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New data rules raise business trust challenges

When the General Data Protection Regulation comes into effect on May 25th, financial services firms will face a new potential threat to their on-going challenges with building strong customer relationships, writes DARREL ORSMOND, Financial Services Industry Head at SAP Africa.

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The regulation – dubbed GDPR for short – is aimed at giving European citizens control back over their personal data. Any firm that creates, stores, manages or transfers personal information of an EU citizen can be held liable under the new regulation. Non-compliance is not an option: the fines are steep, with a maximum penalty of €20-million – or nearly R300-million – for transgressors.

GDPR marks a step toward improved individual rights over large corporates and states that prevents the latter from using and abusing personal information at their discretion. Considering the prevailing trust deficit – one global EY survey found that 60% of global consumers worry about hacking of bank accounts or bank cards, and 58% worry about the amount of personal and private data organisations have about them – the new regulation comes at an opportune time. But it is almost certain to cause disruption to normal business practices when implemented, and therein lies both a threat and an opportunity.

The fundamentals of trust

GDPR is set to tamper with two fundamental factors that can have a detrimental effect on the implicit trust between financial services providers and their customers: firstly, customers will suddenly be challenged to validate that what they thought companies were already doing – storing and managing their personal data in a manner that is respectful of their privacy – is actually happening. Secondly, the outbreak of stories relating to companies mistreating customer data or exposing customers due to security breaches will increase the chances that customers now seek tangible reassurance from their providers that their data is stored correctly.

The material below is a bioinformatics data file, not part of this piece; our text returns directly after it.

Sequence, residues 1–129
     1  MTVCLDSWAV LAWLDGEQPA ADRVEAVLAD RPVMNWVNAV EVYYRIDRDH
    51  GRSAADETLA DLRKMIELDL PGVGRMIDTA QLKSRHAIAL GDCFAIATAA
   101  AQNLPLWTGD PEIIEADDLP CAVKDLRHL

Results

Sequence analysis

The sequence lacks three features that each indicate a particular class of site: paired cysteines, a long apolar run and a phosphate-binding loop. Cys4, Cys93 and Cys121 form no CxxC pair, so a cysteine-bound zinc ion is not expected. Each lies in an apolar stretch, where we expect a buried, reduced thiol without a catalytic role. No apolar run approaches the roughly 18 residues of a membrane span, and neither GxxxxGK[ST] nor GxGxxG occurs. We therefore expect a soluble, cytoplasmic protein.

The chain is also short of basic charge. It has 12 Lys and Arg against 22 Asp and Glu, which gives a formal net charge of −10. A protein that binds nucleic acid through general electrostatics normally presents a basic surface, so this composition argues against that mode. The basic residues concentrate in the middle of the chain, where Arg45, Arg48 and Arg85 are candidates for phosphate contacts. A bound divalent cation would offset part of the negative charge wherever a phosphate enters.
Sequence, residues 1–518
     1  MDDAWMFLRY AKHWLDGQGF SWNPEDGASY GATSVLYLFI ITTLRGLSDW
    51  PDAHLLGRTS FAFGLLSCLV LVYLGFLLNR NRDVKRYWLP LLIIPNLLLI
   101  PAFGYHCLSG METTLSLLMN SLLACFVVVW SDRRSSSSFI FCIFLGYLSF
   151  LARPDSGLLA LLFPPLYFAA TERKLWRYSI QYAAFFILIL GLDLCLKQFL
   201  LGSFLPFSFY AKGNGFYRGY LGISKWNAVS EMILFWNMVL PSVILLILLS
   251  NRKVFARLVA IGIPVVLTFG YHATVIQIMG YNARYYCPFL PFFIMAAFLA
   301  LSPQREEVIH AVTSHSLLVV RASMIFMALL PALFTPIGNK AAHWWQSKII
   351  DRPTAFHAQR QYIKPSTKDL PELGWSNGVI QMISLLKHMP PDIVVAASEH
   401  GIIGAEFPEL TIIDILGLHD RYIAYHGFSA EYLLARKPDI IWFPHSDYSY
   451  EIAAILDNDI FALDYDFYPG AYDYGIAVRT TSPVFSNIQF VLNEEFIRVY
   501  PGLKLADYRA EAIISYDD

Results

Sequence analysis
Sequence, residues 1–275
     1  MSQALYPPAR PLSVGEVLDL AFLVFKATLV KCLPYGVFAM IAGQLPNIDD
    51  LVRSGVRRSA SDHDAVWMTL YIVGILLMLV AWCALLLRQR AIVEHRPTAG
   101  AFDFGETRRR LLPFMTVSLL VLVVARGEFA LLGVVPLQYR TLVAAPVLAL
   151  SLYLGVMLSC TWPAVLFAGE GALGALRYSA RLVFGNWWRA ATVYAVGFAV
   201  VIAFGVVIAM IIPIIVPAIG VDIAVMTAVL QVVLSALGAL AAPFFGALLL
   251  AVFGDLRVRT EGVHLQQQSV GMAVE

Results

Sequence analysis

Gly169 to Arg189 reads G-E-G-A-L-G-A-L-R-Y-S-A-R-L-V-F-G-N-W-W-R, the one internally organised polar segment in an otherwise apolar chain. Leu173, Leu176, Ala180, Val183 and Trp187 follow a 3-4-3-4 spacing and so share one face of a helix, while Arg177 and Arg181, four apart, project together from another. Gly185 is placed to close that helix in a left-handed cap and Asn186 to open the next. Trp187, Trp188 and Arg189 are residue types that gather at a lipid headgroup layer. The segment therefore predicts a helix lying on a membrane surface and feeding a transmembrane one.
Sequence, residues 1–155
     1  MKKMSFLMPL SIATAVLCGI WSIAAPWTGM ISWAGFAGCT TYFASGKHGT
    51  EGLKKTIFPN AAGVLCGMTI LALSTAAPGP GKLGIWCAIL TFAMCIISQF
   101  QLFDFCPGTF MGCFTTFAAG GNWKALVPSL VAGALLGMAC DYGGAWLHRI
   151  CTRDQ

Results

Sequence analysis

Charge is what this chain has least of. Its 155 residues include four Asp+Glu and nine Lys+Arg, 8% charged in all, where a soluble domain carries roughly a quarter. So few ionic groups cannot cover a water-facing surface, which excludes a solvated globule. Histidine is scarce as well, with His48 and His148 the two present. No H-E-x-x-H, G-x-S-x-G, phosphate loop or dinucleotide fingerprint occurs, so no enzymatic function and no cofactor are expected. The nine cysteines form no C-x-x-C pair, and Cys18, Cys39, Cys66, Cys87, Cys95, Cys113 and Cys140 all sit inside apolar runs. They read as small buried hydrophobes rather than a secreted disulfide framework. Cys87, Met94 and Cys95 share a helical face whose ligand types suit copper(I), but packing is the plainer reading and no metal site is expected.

The recent news of Facebook’s indiscriminate sharing of 50 million of its members’ personal data to an outside firm has not only led to public outcry but could cost the company $2-trillion in fines should the Federal Trade Commission choose to pursue the matter to its fullest extent. The matter of trust also extends beyond personal data: in EY’s 2016 Global Consumer Banking Survey, less than a third of respondents had complete trust that their banks were being transparent about fees and charges.

This is forcing companies to reconsider their role in building and maintaining trust with its customers. In any customer relationship, much is done based on implicit trust. A personal banking customer will enjoy a measure of familiarity that often provides them with some latitude – for example when applying for access to a new service or an overdraft facility – that can save them a lot of time and energy. Under GDPR and South Africa’s POPI act, this process is drastically complicated: banks may now be obliged to obtain permission to share customer data between different business units (for example because they are part of different legal entities and have not expressly received permission). A customer may now allow banks to use their personal data in risk scoring models, but prevent them from determining whether they qualify for private banking services.